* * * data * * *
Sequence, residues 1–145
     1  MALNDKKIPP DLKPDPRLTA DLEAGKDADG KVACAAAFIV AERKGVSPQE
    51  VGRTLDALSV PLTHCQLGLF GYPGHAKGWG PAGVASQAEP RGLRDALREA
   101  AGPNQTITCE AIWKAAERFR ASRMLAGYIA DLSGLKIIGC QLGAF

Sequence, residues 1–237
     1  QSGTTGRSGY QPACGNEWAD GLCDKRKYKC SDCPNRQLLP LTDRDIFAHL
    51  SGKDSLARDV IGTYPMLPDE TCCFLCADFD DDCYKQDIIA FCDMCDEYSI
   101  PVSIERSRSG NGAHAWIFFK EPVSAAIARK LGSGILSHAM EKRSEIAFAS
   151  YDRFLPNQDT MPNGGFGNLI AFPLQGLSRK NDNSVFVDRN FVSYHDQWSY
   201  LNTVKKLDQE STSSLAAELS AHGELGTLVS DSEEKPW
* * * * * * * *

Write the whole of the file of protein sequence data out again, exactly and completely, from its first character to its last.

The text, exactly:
Sequence, residues 1–145
     1  MALNDKKIPP DLKPDPRLTA DLEAGKDADG KVACAAAFIV AERKGVSPQE
    51  VGRTLDALSV PLTHCQLGLF GYPGHAKGWG PAGVASQAEP RGLRDALREA
   101  AGPNQTITCE AIWKAAERFR ASRMLAGYIA DLSGLKIIGC QLGAF

Sequence, residues 1–237
     1  QSGTTGRSGY QPACGNEWAD GLCDKRKYKC SDCPNRQLLP LTDRDIFAHL
    51  SGKDSLARDV IGTYPMLPDE TCCFLCADFD DDCYKQDIIA FCDMCDEYSI
   101  PVSIERSRSG NGAHAWIFFK EPVSAAIARK LGSGILSHAM EKRSEIAFAS
   151  YDRFLPNQDT MPNGGFGNLI AFPLQGLSRK NDNSVFVDRN FVSYHDQWSY
   201  LNTVKKLDQE STSSLAAELS AHGELGTLVS DSEEKPW